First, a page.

Obviously, the poet and the prophet might not be doing this with conscious intention. However, when the poet uses language that cracks us open, that is porous, that teases us and lures us beyond the ordinary way of looking at things, then the poet may be functioning in a prophetic role. The poet and prophet are linked in their ability to be "seers". Walter Brueggemann writes: "Those whom the ancient Israelites called prophets, the equally ancient Greeks called poets. The poet/prophet is a voice that shatters settled reality and evokes new possibility..."(Brueggemann, p.4) Without the help of the poet/prophet we remain circumscribed and defined by the fallen, alienated world of human artifice. This world defines itself as the only reality, and ridicules and derides movement toward hope, imagination and possibility. Herod does not take kindly to the birth of new possibilities and ways of being.

This artificial reality is the matrix we live in with our false selves. By and large we are oblivious to any other reality or possibility. To get people to see this is difficult and risky. "One of the central issues in the prophetic life is that a person rocks the boat, not by telling slaves to be free, but by telling people who think they are free that theyíre slaves." (Springs, p.133) We are all slaves to this limited consciousness, yet for the most part , we are not aware of it. One of the reasons why Merton was so excited about his connections with Latin American Poets was that they were outside the "system." They shared an "innocence" and a rootedness in "fidelity to Life rather than to artificial systems." (Raids, p.156) Theyíre very Being was prophetic for those of us caught in the ever-spinning web of Western artifice. What one sees depends on where on stands. The poet/prophet stands on the margins of this limited reality, and occasionally catch glimpses of the "hidden ground of love", which is our true source and destiny.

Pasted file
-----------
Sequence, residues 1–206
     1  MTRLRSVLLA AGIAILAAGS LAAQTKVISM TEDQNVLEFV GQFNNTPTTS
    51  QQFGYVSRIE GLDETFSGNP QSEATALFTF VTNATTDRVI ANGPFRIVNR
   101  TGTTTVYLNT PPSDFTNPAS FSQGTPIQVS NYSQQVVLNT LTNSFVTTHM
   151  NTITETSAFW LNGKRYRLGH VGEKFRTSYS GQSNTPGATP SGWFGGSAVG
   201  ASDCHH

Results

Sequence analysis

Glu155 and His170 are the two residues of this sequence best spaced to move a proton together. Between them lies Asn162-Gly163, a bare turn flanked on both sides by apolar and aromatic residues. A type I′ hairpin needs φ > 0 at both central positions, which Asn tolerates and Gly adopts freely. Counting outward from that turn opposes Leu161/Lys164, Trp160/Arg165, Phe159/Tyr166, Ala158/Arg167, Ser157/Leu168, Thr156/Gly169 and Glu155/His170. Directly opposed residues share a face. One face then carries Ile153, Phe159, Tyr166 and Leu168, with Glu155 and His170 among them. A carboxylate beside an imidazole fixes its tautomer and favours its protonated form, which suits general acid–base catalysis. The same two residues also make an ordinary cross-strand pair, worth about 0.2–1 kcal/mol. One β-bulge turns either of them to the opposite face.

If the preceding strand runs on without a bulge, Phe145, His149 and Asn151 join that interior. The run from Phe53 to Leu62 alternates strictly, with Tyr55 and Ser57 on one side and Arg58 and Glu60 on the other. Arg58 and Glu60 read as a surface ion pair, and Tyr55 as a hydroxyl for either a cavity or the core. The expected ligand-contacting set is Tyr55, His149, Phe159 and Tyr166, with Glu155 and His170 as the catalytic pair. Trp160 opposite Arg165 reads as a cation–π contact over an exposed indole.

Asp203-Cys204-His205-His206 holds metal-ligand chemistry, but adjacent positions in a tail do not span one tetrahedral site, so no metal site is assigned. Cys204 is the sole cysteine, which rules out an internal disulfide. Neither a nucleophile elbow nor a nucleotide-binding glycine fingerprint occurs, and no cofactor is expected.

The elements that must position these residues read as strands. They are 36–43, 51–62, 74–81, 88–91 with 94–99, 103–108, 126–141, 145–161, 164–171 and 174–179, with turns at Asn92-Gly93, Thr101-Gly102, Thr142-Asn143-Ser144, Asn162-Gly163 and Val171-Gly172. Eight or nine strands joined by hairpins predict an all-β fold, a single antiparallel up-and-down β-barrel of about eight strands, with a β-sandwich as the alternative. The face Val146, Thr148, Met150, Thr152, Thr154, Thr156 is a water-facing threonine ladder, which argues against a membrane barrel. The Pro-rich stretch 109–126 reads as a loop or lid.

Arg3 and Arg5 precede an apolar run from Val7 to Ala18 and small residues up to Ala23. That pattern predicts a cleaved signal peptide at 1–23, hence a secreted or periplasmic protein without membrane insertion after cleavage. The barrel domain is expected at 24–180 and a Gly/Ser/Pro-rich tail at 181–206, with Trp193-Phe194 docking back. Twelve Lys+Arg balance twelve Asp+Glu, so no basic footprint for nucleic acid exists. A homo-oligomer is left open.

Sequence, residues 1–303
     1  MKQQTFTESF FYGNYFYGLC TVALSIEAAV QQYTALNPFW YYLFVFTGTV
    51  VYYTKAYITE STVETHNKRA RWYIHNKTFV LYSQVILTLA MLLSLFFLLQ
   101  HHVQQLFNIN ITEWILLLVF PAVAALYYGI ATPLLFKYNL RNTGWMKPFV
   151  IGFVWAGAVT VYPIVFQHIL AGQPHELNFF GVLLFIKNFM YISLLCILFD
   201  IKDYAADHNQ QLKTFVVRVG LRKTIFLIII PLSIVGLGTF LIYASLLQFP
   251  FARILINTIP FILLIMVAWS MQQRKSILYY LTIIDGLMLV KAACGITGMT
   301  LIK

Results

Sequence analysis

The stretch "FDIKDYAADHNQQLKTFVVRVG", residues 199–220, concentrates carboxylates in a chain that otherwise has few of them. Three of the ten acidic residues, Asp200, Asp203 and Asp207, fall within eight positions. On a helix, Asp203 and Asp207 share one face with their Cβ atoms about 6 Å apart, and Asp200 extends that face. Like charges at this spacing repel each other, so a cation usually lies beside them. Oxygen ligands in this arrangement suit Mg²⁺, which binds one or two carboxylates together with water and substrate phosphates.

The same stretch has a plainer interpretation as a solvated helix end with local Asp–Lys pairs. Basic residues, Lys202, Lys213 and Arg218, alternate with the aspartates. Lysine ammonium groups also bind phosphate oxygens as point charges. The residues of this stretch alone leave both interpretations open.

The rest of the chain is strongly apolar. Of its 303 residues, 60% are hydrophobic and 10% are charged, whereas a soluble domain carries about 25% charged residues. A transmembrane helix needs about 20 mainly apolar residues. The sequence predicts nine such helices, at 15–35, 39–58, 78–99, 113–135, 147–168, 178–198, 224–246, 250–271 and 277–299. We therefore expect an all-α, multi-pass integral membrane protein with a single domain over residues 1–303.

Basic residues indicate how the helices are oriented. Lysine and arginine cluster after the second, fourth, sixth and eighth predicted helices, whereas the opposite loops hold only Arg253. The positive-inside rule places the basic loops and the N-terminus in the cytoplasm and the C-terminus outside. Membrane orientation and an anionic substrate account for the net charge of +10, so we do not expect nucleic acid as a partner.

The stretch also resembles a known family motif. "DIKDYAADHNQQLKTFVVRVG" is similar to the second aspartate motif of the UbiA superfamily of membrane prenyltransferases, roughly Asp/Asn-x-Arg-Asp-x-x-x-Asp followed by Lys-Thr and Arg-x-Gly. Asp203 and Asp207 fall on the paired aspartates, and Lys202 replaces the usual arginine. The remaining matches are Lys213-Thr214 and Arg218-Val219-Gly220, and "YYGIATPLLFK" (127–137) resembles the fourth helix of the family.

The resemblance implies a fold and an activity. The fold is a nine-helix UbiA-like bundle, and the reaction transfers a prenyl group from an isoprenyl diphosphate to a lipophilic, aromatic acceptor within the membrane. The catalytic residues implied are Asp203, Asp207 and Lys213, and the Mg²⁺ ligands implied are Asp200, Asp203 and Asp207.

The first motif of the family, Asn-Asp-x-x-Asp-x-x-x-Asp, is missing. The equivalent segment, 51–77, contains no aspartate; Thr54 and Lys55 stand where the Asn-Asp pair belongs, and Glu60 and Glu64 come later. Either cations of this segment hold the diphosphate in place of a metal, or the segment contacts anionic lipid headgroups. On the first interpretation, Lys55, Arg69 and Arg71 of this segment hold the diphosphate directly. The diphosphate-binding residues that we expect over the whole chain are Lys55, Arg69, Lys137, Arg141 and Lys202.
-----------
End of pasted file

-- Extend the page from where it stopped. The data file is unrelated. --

The two realities I am writing about are not meant to be taken as a metaphysical dualism descriptive of the universe, but as two ways of human "seeing" and "being" in the world. Merton was equally at home describing this predicament theologically (fallen versus paradise consciousness) or existentially (false or alienated versus authentic, fragmented versus integrated). The fact seems to be that people tend to see in gestalts or whole patterns. For example, there are two ways of seeing the following pictures (pictures #1 and #2, in Appendix), [NOTE: these pictures are not yet available in the electronic pub version] but you can only see them one way at a time. This is analogous to the way we perceive the given reality of our culture. We primarily see things only one way. Maybe the culture defines the first picture only as the "old lady" and makes anyone who sees the "young girl" seem crazy. Or similarly, the culture may define the second picture as a "vase" only, and not be able to see or validate those who might see it as "faces." Reality gets defined rigidly in many areas, such as "black and white, communist and free world, good and bad." But reality is more ambiguous than that. Rigidly defined realities make us see things that arenít there (picture #3), and not be able to see things that are there (picture #4). The poet\prophet challenges our set ways of seeing things by seeing them differently, and expressing this new way of seeing in such a way that shakes or shatters our habitual way. The poet\prophet gives us clues that help us perceive a larger, less culture bound reality.(see pictures #5 & #6). "Now the eyes of my eyes can see..." (cummings)